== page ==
Two New River employees moving large wooden poles with a drill truck behind them.

Partnering with Eagle Scout to Serve Local High School Band

Giving Back to Our Community

As an electrical contractor, we work hard to build a complex and reliable infrastructure that millions of Americans use every day. Because much of the work we do is behind the scenes, people might not see our impact as easily. So when we were given the opportunity to help an Eagle Scout accomplish a project that would benefit his community in Reynoldsburg, Ohio, we gave it 110%.

James Greene, the Eagle Scout to be, saw a need to help his high school band. Playing in the marching band, himself, at Reynoldsburg High School, located about a 20-minute drive from our office in Westerville, Ohio, James noticed that it was hard for his band director to effectively view the band’s formations.

“Our band director uses a scissor lift to view the marching band’s formations from above,” said James. “It’s not safe, and he has actually gotten stuck in the scissor lift before. So I thought it would be a good project to build a permanent platform for the band director to use instead of the scissor lift.”

It was a worthy cause and one that New River Electrical is specially equipped to handle. “When James contacted us, it seemed like the perfect project for us to help with,” said Joshua McWilliams, a Project Manager of the Overhead Division. “Our Overhead Division works every day to install large wooden poles for electrical lines to be dispersed all across the country.”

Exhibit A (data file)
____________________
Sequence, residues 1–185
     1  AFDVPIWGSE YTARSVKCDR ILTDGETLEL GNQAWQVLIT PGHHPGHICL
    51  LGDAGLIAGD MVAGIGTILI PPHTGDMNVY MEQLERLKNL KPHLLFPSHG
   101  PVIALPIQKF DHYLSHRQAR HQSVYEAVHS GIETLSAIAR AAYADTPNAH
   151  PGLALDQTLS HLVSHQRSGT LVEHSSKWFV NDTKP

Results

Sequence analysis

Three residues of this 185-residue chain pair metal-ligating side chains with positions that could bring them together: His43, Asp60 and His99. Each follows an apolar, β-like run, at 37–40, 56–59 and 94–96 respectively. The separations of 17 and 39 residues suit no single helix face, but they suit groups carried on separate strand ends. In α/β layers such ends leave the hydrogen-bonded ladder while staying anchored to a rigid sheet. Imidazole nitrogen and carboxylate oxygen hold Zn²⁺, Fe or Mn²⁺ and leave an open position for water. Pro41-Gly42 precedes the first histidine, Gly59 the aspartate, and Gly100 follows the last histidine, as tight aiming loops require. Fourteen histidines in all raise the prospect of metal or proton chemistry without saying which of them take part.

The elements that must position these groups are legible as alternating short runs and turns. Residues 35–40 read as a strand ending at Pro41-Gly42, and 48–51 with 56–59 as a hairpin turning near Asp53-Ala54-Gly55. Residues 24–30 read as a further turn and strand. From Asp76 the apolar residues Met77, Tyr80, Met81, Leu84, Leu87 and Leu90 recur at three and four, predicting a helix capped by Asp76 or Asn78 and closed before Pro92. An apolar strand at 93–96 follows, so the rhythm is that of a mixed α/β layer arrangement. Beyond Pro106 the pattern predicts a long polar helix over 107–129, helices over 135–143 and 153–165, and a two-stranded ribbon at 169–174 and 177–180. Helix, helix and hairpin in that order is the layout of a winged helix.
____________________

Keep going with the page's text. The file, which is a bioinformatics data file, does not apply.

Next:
New River Electrical decided to not only donate the poles themselves, but also the labor and concrete for installing the poles, valued at around $15,000.

Utility workers in high-visibility clothing are operating a drill from a truck to work on underground installations at a site with traffic cones and exposed earth.

From Plan A to Plan B

“We worked with James to execute the plans that he had drawn up with a local engineering firm,” said McWilliams. “Unfortunately, we started digging and hit solid rock only three feet down. In order for the poles to be installed properly and securely, we had to drill down through six feet of solid rock.”

Not only did the installation become much more complicated than they first thought, the team also worked through lots of rain. “We certainly had a lot going against us,” said McWilliams.

But through it all, James and the New River team stuck with it. “We worked together to figure out a plan B,” said McWilliams. “Through the entire project, James was out there managing everything. He contacted the engineering firm to come up with an alternative plan and worked with us to keep everything on track.”

The project is currently in its final stages of completion. We are proud to be a part of this project and can’t wait to see how it impacts the students and band at Reynoldsburg High School.